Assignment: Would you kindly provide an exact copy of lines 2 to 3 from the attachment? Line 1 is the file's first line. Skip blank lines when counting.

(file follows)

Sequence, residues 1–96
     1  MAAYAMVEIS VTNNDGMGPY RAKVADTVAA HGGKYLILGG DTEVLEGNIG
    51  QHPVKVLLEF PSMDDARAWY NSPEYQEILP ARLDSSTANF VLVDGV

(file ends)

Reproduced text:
     1  MAAYAMVEIS VTNNDGMGPY RAKVADTVAA HGGKYLILGG DTEVLEGNIG
    51  QHPVKVLLEF PSMDDARAWY NSPEYQEILP ARLDSSTANF VLVDGV